The ultimate guide to SOC 2 compliance
Compliance and Security
Prepare for and ace your next SOC 2 audit with this guide.
SOC 2 compliance is an increasingly common framework and applies to many businesses today. Specifically, SOC 2 applies to any service provider that stores customer data in the cloud. It is quite relevant to SaaS businesses, but also to many others who store their customers’ data in this way. SaaS vendors in particular need to be SOC 2 compliant in many instances, especially when they sell to the enterprise. Enterprises are often beholden to a wide variety of security and compliance controls, and being demonstrably SOC 2 compliant as a vendor gives those enterprise customers the peace of mind they need to do business with you.
A SOC 2 overview
SOC 2 isn't a set of hard and fast rules. Rather, it is a framework that sends a strong signal that an organization prioritizes key attributes: security, availability, processing integrity, confidentiality, and privacy. Completing a SOC 2 certification on its own is generally not enough to prove that you are 100% secure as an organization, but it’s a very good start and will go a long way toward instilling trust in your customers.
The history of SOC 2 in brief
Before SOC 2, the original standard for auditing service organizations was known as a SAS 70 (Statement of Auditing Standards No. 70). SAS 70 audits were performed by Certified Public Accountants (CPAs) with the original intent to report on the effectiveness of internal financial controls. These were introduced in the early 1990’s. Over time, the audit started to be used as a way to report on the effectiveness of a company’s internal controls around information security more broadly. Around 2010, SOC 1 and SOC 2 reports were introduced by the AICPA (The American Institute of Certified Public Accountants) with the explicit purpose of addressing the growing need of companies to externally validate and communicate their state of security. Today, SOC 1 reports are centered around controls impacting financial reports, similar the original SAS 70. SOC 2 reports, on the other hand, are written on audits against the Trust Services Criteria (TSC) standard, which we’ll explain below. This standard is ideal if you’re looking for a way to simultaneously improve your company’s maturity around business processes and security.
SOC 2 trust principles
SOC audits are organized around five "Trust Principles." When you are audited, you will choose which principles you want the auditor to attest to. This is a business decision based on what is most important to your customers.
The Trust Principles are:
The foundational security principle, common to all audits.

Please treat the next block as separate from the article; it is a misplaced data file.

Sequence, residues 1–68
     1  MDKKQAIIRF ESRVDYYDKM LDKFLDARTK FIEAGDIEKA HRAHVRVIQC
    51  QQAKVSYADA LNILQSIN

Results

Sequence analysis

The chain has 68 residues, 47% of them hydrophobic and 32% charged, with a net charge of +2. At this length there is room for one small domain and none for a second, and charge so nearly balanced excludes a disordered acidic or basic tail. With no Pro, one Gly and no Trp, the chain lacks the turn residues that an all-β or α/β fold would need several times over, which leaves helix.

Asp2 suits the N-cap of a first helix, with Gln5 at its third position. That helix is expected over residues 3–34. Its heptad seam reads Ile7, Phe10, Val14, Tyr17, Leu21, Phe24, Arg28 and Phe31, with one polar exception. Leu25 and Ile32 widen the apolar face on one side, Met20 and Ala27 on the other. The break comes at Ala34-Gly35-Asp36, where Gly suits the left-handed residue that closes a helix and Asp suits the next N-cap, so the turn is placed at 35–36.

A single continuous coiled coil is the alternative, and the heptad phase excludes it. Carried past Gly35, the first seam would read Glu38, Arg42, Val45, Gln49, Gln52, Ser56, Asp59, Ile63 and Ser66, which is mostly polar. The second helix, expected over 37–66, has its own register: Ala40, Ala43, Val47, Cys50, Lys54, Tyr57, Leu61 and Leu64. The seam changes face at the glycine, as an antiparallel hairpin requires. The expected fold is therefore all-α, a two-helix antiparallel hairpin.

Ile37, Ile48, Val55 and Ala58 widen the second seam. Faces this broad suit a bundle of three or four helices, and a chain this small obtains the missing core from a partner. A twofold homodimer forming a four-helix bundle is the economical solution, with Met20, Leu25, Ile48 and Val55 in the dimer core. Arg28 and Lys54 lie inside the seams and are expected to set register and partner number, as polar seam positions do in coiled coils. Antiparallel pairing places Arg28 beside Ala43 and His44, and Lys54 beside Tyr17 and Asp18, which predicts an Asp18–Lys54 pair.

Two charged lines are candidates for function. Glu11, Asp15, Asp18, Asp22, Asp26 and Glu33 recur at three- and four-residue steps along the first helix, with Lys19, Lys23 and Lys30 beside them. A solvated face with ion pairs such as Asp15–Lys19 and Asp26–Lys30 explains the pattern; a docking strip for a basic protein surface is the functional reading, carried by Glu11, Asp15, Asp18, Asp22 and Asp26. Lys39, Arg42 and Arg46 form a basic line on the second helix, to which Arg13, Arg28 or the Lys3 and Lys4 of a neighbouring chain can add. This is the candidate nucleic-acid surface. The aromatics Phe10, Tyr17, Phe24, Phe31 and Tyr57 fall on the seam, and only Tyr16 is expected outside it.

Protection from unauthorized disclosure of sensitive data.
Protection that systems or data will be available as agreed or required.
Protection that systems or data are not changed in an unauthorized manner.
The use, collection, retention, disclosure, and disposal of personal information is protected.
All SOC 2 audits include “Common Criteria”. This is the biggest section of the audit and touches on every aspect of information security controls. Companies can start with a Common Criteria audit if they’re looking to keep the scope small. Common Criteria includes aspects of all principles noted below. In addition to Common Criteria, mature SaaS companies tend to add on Confidentiality and Availability. The Integrity principle is typically chosen by companies processing a lot of transactions, as well as financial institutions. Privacy is seldom included as part of a SOC 2 audit. While it has value, most organizations tend to focus their privacy efforts around compliance with HIPAA or EU regulations (like GDPR). This is because European companies generally want audits against their own standards, rather than SOC 2, and they tend to have more stringent requirements. If you need to uphold GDPR, for example, then you’ll be focusing on privacy when you go through that process.
SOC 2 common criteria
The SOC 2 audit process
The SOC 2 reporting standard is defined by the AICPA. All SOC 2 audits are signed by licensed CPAs . To achieve SOC 2 compliance, most companies spend anywhere from six months to a year on focused preparation. This includes identifying which systems are in scope for the audit, developing policies and procedures, and implementing new security controls to reduce risks. When ready, an organization will hire a licensed CPA auditor to conduct the audit. The actual process involves scoping, artifact document collection, and an on-site visit. The time commitment is typically several hours of introductory phone conversations and two days in-person at your office. While in your office, the auditor will conduct interviews and review submitted material. When starting to scope a SOC 2 audit, there a few key decisions that will need to be made up front. First, do you want a Type I or Type II audit? This terminology can be confusing to newbies because of the mix of numbers and Roman numerals. Here's an easy way to remember: S = SCOPE, T = TIME. i.e. SOC 1 = Financial Scope. SOC 2 = Information Security Scope. Type I = At a single point in time. Type II = Over the past 6 months.
SOC 2 Type I vs Type II explained
SOC 2 Type I
An audit conducted against the Trust Services Criteria standard at a single point in time. This audit answers: Are all the security controls that are in place today designed properly?
SOC 2 Type II
An audit conducted against the Trust Service Criteria standard over a period of time. This period typically covers six months the first time, and then a year thereafter. In other words, this audit answers: Did the security controls that were in place from January 1 through July 31st operate effectively? This means you’ll need a system of record. Type I reports are, as you might imagine, quicker to prepare for and conduct because you don’t have to wait for historical data over six months. However, while Type II reports take more time, they are also that much more valuable in the hands of customers, prospects, board members, partners, insurance companies, and so on. They report on what you’re actually doing, rather than what you aspire to do. Because of this added value, my general recommendation is to get started early and work directly toward the Type II report. This approach emphasizes immediate action taken toward improving your security, and because Type II also covers Type I, there are financial savings in the long term if you start with Type II from day one.